He may spend at least 12 hours a day dealing with the usual pressures of top level management, but Tom Blades looks the picture of calm. The Hamburg-born British chief executive of Bilfinger is on a mission to transform the fortunes of the ailing industrial company and clear up the mess left by his predecessors – summed up by six profit warnings in just two years before he took the helm in July 2016.
Setting out his strategy on Tuesday, Mr. Blades identified three key priorities: a sensible company structure, a solid business model and an operational plan to steer Bilfinger away from its well-publicized troubles. He calls it the 2-4-6 structure, in which 600 previous business units will be rearranged into 160 by 2020. The company’s employee base of 70,000 will be cut in half in the process.
“The new Bilfinger is an attractive prospect,” Mr. Blades said in an interview with the business weekly WirtschaftsWoche, a sister publication of Handelsblatt Global. “We’ll have two areas of business, four core regions and six industries. Combined with our engineering services, we’ll grow stronger than the markets. Both business areas will grow each other. It’s the logical approach.”
Strategies, though, can go as quickly as they come. Just ask Mr. Blades’ short-lived predecessor Per Utnegaard, whose own plans for Bilfinger went up in smoke when activist investor Cevian, a powerful 26-percent shareholder, pushed for the sale of the company’s lucrative real-estate operations last year.
“The board and Cevian’s representatives are with us for the journey. We’ve hired an engineer to improve Bilfinger’s operations at every step.”
Once a leading light in the German construction industry, Bilfinger is now mainly geared towards providing services for the energy sector. Where it once set a target in 2013 of raising revenues to €11-12 billion by 2016, it managed about a third of that last year.
While Cevian has a reputation for encouraging divestments, Mr. Blades maintains he and his investors are on the same page. “We’ve been discussing this new strategy – which is due to run until 2021 – for the past half a year,” he said.
“The board and Cevian’s representatives are with us for the journey. We’ve hired an engineer to improve Bilfinger’s operations at every step. If it were different, they’d have hired an accountant.”
That is not to say other parts of the business won’t be sold if the right offer lands on the table. Mr. Blades pointed to the South African business as such a candidate.
North America, on the hand, is now back in focus after Bilfinger pulled back from operations there in 2015. “We obviously see good reasons why we should stay in this region,” the 60-year-old Blades said.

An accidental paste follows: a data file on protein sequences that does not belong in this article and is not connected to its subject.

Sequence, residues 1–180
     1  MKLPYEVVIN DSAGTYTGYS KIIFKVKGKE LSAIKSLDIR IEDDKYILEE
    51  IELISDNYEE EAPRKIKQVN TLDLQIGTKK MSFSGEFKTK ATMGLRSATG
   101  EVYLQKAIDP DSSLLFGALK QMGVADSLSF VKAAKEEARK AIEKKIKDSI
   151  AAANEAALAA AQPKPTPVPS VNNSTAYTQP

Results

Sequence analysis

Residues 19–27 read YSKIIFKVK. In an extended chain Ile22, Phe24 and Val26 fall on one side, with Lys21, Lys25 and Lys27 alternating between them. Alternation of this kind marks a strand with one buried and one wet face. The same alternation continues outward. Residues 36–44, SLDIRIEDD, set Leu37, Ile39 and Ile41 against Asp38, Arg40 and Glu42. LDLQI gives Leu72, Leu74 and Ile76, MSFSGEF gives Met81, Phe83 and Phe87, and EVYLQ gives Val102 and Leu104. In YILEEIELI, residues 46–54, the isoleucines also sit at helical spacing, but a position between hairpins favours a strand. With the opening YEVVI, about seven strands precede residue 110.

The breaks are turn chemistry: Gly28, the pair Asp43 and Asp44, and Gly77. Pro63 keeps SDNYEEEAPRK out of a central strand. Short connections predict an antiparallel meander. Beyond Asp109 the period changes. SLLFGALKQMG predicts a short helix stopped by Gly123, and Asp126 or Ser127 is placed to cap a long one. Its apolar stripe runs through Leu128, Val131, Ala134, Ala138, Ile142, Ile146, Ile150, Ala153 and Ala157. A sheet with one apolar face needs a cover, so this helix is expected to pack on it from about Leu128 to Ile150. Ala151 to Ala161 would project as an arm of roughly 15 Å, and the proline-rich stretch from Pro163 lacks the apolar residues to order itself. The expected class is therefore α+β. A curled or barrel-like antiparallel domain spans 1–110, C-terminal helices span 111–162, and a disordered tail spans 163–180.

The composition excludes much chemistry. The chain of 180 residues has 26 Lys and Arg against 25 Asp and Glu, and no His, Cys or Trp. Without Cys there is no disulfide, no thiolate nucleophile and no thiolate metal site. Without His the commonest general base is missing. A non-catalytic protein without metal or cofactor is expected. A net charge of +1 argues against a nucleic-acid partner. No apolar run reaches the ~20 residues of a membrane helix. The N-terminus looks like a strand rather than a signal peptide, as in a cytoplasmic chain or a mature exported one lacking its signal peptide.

The new U.S. President Donald Trump, eschewing fears over global warming, has made clear his intentions to support domestic gas and oil production, which would help Bilfinger’s energy services operations. By contrast Mr. Trump’s protectionist stance won’t impact Bilfinger like it may other German companies, according to Mr. Blades, although the CEO says any future plans are “independent” of the election result.
“For us, North America is clearly a growth market,” he said. “I know it well. If President Trump wants to invest more in infrastructure, that can also be interesting for us. But we won’t be going after every single project there.”
Bilfinger has endured its problems in that part of the world, however. It remains under scrutiny from the U.S. Department of Justice after a series of corruption scandals over the past few years. The company agreed to a deferred prosecution deal in 2013, linked to bribery charges in Nigeria. That deal – extended to 2018 – mandates Bilfinger to implement worldwide compliance controls.
“We hadn’t made the desired progress quickly enough,” Mr. Blades said, explaining the extension. “We had far too many business units doing their own thing and there was no standardized corporate governance system. We’re putting one in place now. The progress is notable, we can see it clearly.”
Mr. Blades wants to look forward and not back, especially when it comes to the work of his predecessors. One can only wonder where the company might now be had he been in charge back in 2011.
“It would be presumptuous of me to talk about such things,” Mr. Blades said. “The circumstances were different back then.”
This article first appeared in the German business weekly WirtschaftsWoche, a sister publication of Handelsblatt Global. To contact the author: firstname.lastname@example.org